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SONNETS,

SUGGESTED BY

Mr. W. WESTALL'S VIEWS OF THE CAVES, &c.

IN YORKSHIRE.

The following Sonnets having lately appeared in Periodical
Publications are here reprinted.


SONNETS.


I.


Pure element of waters! wheresoe'er
Thou dost forsake thy subterranean haunts,
Green herbs, bright flowers, and berry-bearing plants,
—Rise into life and in thy train appear:
And, through the sunny portion of the year,
Swift insects shine, thy hovering pursuivants;
And, if thy bounty fail, the forest pants;
And hart and hind and hunter with his spear,
Languish and droop together. Nor unfelt
In man's perturbed soul thy sway benign;
And, haply, far within the marble belt
Of central earth, where tortured Spirits pine
For grace and goodness lost, thy murmurs melt
Their anguish,—and they blend sweet songs with thine![1]


II.


GORDALE.


At early dawn,—or rather when the air
Glimmers with fading light, and shadowy eve
Is busiest to confer and to bereave,—
Then, pensive votary, let thy feet repair
To Gordale-chasm, terrific as the lair
WTiere the young lions couch;—for so, by leave
Of the propitious hour, thou may'st perceive
The local Deity, with oozy hair
And mineral crown, beside his jagged urn
Recumbent:—Him thou may'st behold, who hides
His lineaments by day, and there presides,
Teaching the docile waters how to turn;
Or, if need be, impediment to spurn,
And force their passage to the salt-sea tides!


III.


MALHAM COVE.


Was the aim frustrated by force or guile,
When giants scoop'd from out the rocky ground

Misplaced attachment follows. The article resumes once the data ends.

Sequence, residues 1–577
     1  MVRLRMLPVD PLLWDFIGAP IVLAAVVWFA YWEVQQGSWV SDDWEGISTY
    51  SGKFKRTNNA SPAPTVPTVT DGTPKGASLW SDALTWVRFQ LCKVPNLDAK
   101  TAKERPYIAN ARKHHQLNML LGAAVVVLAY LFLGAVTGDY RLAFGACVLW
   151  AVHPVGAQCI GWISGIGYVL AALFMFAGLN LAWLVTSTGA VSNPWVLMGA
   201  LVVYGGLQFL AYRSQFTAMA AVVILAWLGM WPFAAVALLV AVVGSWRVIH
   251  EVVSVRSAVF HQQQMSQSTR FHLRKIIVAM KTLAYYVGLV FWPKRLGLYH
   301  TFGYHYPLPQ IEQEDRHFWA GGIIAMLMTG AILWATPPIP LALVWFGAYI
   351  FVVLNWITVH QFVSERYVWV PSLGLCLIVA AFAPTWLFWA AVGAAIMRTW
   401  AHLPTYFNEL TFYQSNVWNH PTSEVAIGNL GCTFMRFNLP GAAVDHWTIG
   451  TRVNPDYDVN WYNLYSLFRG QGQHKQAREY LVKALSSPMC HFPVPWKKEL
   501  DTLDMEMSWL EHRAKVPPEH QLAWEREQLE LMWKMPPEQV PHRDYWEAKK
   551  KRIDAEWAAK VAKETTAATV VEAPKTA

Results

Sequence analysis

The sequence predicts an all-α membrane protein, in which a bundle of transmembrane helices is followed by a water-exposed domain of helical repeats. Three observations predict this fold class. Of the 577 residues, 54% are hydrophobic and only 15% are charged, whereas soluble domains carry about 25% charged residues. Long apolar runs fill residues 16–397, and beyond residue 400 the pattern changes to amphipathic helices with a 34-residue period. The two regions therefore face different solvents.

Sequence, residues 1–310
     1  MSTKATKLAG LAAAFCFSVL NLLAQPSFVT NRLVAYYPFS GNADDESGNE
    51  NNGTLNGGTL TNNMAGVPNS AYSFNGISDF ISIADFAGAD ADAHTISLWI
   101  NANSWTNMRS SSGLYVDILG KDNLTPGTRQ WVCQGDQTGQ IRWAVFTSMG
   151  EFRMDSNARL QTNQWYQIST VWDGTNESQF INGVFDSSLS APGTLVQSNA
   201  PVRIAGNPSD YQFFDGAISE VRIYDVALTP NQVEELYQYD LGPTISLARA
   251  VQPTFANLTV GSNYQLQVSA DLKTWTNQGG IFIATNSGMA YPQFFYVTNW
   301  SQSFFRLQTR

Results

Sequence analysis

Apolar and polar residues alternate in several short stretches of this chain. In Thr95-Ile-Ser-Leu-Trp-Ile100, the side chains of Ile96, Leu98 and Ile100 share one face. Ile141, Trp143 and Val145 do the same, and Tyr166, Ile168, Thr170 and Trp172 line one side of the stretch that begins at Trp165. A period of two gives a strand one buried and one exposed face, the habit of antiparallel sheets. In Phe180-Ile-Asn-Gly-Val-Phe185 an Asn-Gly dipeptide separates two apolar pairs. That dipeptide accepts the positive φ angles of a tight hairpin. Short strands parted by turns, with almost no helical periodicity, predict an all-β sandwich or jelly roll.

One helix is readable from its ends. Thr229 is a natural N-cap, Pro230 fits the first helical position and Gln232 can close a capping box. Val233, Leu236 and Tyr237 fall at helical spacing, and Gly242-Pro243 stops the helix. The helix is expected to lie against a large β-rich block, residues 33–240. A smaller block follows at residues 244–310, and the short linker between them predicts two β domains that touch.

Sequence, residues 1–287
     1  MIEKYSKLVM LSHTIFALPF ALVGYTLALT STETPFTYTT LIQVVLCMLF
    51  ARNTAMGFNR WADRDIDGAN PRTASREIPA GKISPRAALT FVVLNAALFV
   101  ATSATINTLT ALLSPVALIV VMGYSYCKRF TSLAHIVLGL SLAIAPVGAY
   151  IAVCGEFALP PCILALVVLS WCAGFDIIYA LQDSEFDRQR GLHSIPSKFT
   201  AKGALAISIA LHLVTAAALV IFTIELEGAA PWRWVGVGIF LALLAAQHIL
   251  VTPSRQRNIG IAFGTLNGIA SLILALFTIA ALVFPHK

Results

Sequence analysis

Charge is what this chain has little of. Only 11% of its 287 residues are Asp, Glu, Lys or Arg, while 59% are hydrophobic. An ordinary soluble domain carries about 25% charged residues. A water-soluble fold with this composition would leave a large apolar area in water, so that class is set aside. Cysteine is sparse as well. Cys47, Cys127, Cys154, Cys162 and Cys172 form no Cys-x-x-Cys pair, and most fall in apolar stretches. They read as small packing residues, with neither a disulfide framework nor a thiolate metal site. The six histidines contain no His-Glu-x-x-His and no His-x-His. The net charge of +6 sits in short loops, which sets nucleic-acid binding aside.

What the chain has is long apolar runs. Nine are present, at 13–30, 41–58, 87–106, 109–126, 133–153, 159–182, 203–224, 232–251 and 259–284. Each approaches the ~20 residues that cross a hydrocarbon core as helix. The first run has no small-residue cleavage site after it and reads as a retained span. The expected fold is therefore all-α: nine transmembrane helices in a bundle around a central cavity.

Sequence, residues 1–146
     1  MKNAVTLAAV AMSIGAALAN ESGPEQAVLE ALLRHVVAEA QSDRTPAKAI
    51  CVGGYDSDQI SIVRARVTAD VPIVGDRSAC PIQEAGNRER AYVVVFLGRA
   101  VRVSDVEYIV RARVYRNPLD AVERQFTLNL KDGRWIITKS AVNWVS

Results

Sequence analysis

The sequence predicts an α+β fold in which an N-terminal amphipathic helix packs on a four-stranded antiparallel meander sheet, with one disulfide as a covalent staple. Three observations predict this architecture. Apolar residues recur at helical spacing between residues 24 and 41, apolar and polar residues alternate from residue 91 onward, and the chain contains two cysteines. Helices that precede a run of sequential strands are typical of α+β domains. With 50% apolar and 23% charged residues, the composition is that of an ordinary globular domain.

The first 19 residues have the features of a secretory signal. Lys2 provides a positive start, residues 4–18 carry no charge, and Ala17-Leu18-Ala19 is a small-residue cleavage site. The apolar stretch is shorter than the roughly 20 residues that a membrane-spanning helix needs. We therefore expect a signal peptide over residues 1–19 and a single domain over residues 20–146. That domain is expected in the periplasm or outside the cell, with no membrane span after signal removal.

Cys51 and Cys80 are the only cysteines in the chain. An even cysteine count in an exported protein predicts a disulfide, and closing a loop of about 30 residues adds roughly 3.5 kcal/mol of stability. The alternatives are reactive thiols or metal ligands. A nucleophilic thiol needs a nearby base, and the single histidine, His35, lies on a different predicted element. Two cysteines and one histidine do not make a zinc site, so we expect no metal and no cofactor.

—Tier under tier—this semicirque profound?
(Giants—the same who built in Erin's isle
That Causeway with incomparable toil!)
O, had this vast theatric structure wound
With finish'd sweep into a perfect round,
No mightier work had gain'd the plausive smile
Of all-beholding Phoebus! But, alas,
Vain earth!—false world! Foundations must be laid
In Heav'n; for, mid the wreck of is and was,
Things incomplete and purposes betrayed
Make sadder transits o'er truth's mystic glass
Than noblest objects utterly decayed.


 

COMPOSED DURING ONE OF THE MOST AWFUL OF THE
LATE STORMS, FEB.
1819.


One who was suffering tumult in his soul
Yet fail'd to seek the sure relief of prayer—
Went forth—his course surrendering to the care
Of the fierce wind, while mid-day lightnings prowl
Insidiously—untimely thunders growl,—
While trees, dim-seen, in frenzied numbers tear
The lingering remnant of their yellow hair,—
And shivering wolves, surpris'd with darkness, howl
As if the sun were not;—he lifted high
His head—and in a moment did appear
Large space, mid dreadful clouds, of purest sky,
An azure orb—shield of Tranquillity,
Invisible unlook'd-for minister
Of providential goodness ever nigh!


THE END.



Printed by Strahan and Spottiswoode,
Printers-Street, London.


  1. Waters (as Mr. Westall informs us in the letter-press prefixed to his admirable views) are invariably found to flow through these caverns.